Afternoon My Relatives
My name is Jacqueline Watson Thompson. I am a granddaughter of Samuel and Kathleen Watson, Ochapowace Cree Nation. I was asked to share some words and stories on behalf of my Watson/Stanley relatives who are grieving the loss of Samuel David Roy Watson. Sam was born August 19, 1984 and was 36 years old. He spent his early childhood in his paternal homelands Ochapowace Cree First Nation, Broadview Saskatchewan and then moved to his maternal homelands Neekaneet Cree First Nation, Maple Creek Saskatchewan.
On Monday, January 11, 2020 After a 22 day battle with the Coronavirus Covid-19, my cousin Sam left us and made his journey to the everlasting spiritual paradise, Heaven. There he was greeted by his father Clayton Jerome Watson, Grandfather Samuel Watson whose name he carried, brother Chancellor Wade, nephew Brydon Samuel and niece London Watson. Left to carry his spirit and bloodline are his children: Kinlee Capri, Stetson, Jude and Chansler. Along with family: Mother Joyce, Brother Shawn (Marla), Sisters; Frances (Robert), Arlene and Lori. Sam has 5 nephews and 6 nieces along with two grandsons Easton and Ezekiel, and a granddaughter Karlee.
Sam was our family's first Covid-19 Warrior and he fought very hard, everyday, for 3 weeks to stay with us. During his brief stay in Swift Current Sam had regained consciousness and asked a tending nurse, “If I tell you, you’re pretty, will you feed me?” After they fed him, he kept the dessert and said, “I’m going to keep this in case you don’t feed me again!” And he went back to sleep.
At Sam’s day of death, there were 3,755 active Covid-19 cases, 197 of those were hospitalized with 31 of them in Intensive Care Units. There were 8 deaths that day including Sam, since the virus pandemic that’s a total of 199 deaths province wide. Covid-19 research is limited and still very new to the medical world, and there were many unanswered questions and false hope given in those 3 weeks. There were times our family gathered with the belief that this virus was curable and would not deliver life long damage. Then there came the time in those last days, that the medical team informed Aunty Joyce that he would not return to his physical health and his organs were in failure. Because of Sam’s isolation and the provincial restriction policies in place, his mother, brother and sisters were unable to stand by his bedside but continued to pray and believe in a miracle.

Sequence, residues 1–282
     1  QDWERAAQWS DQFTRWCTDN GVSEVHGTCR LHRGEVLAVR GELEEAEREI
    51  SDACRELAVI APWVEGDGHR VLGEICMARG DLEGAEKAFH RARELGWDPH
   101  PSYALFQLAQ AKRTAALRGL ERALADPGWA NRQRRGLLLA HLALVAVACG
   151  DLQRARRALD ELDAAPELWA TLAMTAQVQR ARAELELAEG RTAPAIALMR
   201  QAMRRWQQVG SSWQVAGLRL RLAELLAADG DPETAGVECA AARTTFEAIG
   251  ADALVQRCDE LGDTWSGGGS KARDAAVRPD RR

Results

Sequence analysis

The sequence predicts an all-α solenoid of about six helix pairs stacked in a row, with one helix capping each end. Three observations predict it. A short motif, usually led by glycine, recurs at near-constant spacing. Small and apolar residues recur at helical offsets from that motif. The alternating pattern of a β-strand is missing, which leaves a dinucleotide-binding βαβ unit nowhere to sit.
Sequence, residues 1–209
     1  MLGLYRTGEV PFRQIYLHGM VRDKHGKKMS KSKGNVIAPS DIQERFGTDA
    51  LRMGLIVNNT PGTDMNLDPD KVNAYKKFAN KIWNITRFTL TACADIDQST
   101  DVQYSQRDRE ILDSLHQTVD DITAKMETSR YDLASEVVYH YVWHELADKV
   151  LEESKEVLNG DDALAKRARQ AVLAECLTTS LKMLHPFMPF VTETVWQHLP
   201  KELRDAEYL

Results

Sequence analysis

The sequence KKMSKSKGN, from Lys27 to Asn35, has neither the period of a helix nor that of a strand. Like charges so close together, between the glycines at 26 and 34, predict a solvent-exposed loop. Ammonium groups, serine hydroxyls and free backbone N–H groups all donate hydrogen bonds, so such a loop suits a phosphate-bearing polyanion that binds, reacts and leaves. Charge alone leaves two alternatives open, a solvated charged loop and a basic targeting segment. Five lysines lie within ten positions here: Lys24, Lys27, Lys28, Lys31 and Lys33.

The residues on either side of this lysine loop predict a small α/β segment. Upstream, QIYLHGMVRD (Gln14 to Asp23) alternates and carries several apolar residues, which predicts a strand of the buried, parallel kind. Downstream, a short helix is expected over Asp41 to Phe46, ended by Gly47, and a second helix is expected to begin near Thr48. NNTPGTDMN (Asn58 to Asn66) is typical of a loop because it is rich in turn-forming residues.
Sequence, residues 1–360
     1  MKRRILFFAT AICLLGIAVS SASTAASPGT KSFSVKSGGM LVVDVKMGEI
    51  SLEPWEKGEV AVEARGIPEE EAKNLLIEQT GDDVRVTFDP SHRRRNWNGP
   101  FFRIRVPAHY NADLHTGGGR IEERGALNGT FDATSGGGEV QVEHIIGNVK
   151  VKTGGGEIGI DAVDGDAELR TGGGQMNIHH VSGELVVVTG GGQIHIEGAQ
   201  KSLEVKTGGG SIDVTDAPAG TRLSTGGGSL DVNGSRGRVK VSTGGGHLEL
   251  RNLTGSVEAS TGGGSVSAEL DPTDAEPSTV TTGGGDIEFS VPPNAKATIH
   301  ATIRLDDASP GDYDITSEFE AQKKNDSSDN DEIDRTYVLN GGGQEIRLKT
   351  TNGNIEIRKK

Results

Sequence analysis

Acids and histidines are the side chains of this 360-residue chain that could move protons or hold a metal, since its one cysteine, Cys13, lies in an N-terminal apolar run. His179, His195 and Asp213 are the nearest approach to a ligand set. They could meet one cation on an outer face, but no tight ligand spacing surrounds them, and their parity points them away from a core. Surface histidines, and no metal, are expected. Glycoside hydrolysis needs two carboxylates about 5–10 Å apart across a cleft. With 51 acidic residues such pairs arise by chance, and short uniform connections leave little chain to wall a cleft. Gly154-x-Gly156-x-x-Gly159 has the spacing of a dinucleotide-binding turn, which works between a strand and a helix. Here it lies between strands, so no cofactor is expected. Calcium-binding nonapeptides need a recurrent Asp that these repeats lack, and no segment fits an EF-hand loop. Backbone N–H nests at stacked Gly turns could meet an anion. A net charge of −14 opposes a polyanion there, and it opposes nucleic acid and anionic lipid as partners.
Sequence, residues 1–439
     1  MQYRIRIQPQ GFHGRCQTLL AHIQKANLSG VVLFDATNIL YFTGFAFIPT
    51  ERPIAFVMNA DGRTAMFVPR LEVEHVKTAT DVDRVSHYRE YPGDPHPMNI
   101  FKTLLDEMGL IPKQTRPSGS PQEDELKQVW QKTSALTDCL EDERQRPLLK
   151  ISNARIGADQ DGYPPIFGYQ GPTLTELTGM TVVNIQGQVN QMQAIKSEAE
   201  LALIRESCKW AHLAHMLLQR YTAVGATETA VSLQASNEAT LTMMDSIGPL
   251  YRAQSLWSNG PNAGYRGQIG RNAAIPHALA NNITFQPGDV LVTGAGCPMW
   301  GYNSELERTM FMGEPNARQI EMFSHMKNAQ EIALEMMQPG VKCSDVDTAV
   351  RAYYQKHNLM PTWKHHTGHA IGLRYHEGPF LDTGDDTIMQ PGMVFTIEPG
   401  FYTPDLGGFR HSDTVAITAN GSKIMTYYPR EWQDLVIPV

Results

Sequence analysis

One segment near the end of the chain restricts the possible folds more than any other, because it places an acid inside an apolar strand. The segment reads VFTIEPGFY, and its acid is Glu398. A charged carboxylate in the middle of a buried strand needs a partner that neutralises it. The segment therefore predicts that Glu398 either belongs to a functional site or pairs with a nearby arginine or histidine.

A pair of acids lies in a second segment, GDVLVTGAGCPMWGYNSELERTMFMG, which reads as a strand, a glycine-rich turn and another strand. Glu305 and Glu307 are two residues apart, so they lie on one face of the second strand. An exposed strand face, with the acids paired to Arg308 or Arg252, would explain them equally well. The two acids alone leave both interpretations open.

The family at this time, asks for your forgiveness and gives thanks to everyone for their patience and support as they were not able to take every phone call and reply to every text message. They were overwhelmed with the lack of communication and direction from medical staff. It’s not easy to stand in the hospital parking lot, wait for answers, cling to hope, and then communicate with others. When you are restricted from being at your loved ones bedside, then you might as well be a million miles away from them. The wake and funeral service has limited numbers and it’s added to the devastation that Sam’s passing has had. There are many who must begin their mourning and grieving ceremony alone, with no closure or goodbye to such a wonderful gentleman. In our traditional ceremony we are given our wake and funeral to see them one last time, to weep together, to hold each other, to pray, and to feast in celebration of their life and journey but we can not do that today. Furthermore the virus will continue to determine what our future looks like, and we are unsure of what date we can gather to share stories about the Sam we know, but we will gather and please join us then, for we will mourn this loss forever and our lives are changed and will never be the same.
My Uncle Clayton loved the Cowboy life, and he passed that lifestyle to his children who grew to love horses, rodeo, ranching, and that “work hard and live hard” ethic. Some may not know this but my Uncle had some grandiose names in store for his sons, the first born was going to be Horatio but Joyce talked him into Shawn, and the second was going to be named after his dad and that’s where Sam got his name. I know if my Uncle was still with us then he would tell us his boys got their looks and their personality from him.